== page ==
The Boston Globe brilliantly noted that, “the remarkable thing
about Cajun revivalists BeauSoleil is that they are still inviting us to
ask what’s new. BeauSoleil isn’t neo-anything. This ensemble finds
freshness not by infusing vintage styles with contemporary sonics, but
with vibrant, thoughtful fusions.” Indeed their presentation of newness
and reverence of tradition is the heart of the band. “People know Cajun
music being from Southwest Louisiana and because of the longitude and
the latitude but it has influences from all over: Nova Scotia, France,
delta blues, the islands, and the traditional improvisational aspects of
New Orleans. We’re always pushing that envelope,” comments Doucet, “All
the songs are different – there aren’t two songs that sound remotely
alike though they are played with the same set of instruments. That
comes from these rebellious hearts that we always had. We’ve always
taken chances. To attempt to create great music of any kind, one has to
take chances.”

Though fascinated by music of all kinds, Michael Doucet is defined by
his deep connection with, and dedication to, the music of the sacred
French-Cajun culture. A Folk Arts Apprenticeship from the National
Endowment of the Arts spurred Doucet to seek out every surviving Cajun
musician and learn from them in person; he studied genre fathers Dewey
Balfa, Dennis McGee, Sady Courville, Luderin Darbone, Varise Connor,
Canaray Fontenot and many others, even inspiring some to return to
publicly performing. In 2005 the National Endowment of the Arts again
recognized Doucet’s integral involvement with the Cajun world, awarding
him the esteemed National Heritage Fellowship as well as the United
States Artists Fellowship in 2007.

Doucet has gained acclaim by developing his own flavor of Cajun music
and he and his band represent many ‘firsts’ for the genre.  Early on
they focused on the lead and twin fiddle styles of the originals of
Acadian folk music over the more popular 1920s adoption of the German
diatonic accordion. They performed with the communal integrity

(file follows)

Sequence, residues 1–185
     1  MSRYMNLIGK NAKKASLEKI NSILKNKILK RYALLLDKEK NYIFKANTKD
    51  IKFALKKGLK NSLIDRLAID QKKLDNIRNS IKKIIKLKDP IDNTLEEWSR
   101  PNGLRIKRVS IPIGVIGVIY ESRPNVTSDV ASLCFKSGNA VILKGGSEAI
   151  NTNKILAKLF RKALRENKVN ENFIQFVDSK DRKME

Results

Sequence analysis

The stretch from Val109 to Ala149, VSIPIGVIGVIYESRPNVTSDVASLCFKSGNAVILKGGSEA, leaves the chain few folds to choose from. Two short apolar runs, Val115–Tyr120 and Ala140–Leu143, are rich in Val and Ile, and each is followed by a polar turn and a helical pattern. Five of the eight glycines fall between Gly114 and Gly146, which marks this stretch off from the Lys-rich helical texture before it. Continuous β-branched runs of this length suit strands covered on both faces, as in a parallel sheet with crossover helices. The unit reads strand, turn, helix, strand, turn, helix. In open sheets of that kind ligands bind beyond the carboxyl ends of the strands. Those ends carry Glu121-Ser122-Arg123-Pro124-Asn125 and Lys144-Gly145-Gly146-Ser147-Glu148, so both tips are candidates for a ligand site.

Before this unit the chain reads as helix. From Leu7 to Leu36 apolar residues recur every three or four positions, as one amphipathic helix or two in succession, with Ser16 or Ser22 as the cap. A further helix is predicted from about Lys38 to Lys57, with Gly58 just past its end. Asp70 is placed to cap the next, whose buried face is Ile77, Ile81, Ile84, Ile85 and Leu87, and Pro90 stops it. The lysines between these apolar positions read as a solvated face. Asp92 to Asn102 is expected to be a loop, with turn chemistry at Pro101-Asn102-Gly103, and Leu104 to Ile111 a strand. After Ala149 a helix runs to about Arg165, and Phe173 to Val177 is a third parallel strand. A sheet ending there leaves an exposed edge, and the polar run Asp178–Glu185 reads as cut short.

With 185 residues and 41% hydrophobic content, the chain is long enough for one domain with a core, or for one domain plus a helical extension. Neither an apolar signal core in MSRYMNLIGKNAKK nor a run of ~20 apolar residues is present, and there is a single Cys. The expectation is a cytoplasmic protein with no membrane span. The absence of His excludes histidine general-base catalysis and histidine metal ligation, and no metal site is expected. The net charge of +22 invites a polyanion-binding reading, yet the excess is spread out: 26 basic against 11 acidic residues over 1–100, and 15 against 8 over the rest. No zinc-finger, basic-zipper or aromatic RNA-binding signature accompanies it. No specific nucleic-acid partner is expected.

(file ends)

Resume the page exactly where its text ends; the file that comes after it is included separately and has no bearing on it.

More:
characteristic of early Cajun music, choosing to perform unplugged like a
group of friends playing together in a Louisiana living room, rather
than plugging in. They broke ground as the first band to feature an
acoustic guitar as the lead instrument, replacing the lead accordion or
steel guitar. They were the first to include the frottoir, the rub board
borrowed from Cajun music’s Zydeco cousin, and they were the first to
feature a female vocalist.  All of these innovations were fueled by
Doucet’s determination to rejuvenate Cajun and zydeco music, breathing
into it a new relevance.

Indeed the band has achieved that goal and more, furthering the legacy
and understanding of this unique American sub culture, performing in
every state of the Union and in 33 countries. “When we first started, we
were fortunate to have these great master musicians like Dennis McGee
still living. We were able to play with them and hang out with them.
Some of them were born before 1900. Now we’re the elders and that’s
scary, as you can imagine,” reflects Doucet, “However we’re pretty proud
of the voice that we’ve produced on this record as far as the
watermark. You do what you feel and what you believe in. We pushed the
envelope just for the hell of it and that’s just who we are. And you can
dance to it at the same time.”

Upcoming Tour Dates

2/7 Old Town School of Folk Music Chicago IL
2/9 Hooligans Mankato MN
2/10 River Music Experience Davenport IA
2/12 Northern Lights Theatre Milwaukee WI
2/22 Weber State Cultrural Affairs Ogden UT
2/23 Kirkham Auditorium Rexburg ID
2/24 Ellen Theater Bozeman MT
2/26 Alberta Bair Theater Billings MT
3/1 American Theatre Hampton VA
3/2 Center For the Arts Fairfax VA
3/9 Bluegrass Underground McMinnville TN
3/10 McCabe’s Santa Monica CA
3/12 Ashkenaz-40th Anniversary Celebration Berkeley CA
3/14 Palms Playhouse Winters CA
3/15 Sebastopol Community Cultural Center Sebastopol CA
3/19 Melody Ballroom Portland OR
3/22 Hering Auditorium Fairbanks AK
3/23 Alaska Center for the Performing Arts Anchorage AK
3/25 Valdez Convention and Civic Center Valdez AK
3/27 Cordova Jr./Sr. High School Auditorium Cordova AK
3/29 Kenai Peninsula Fairgrounds Ninilchik AK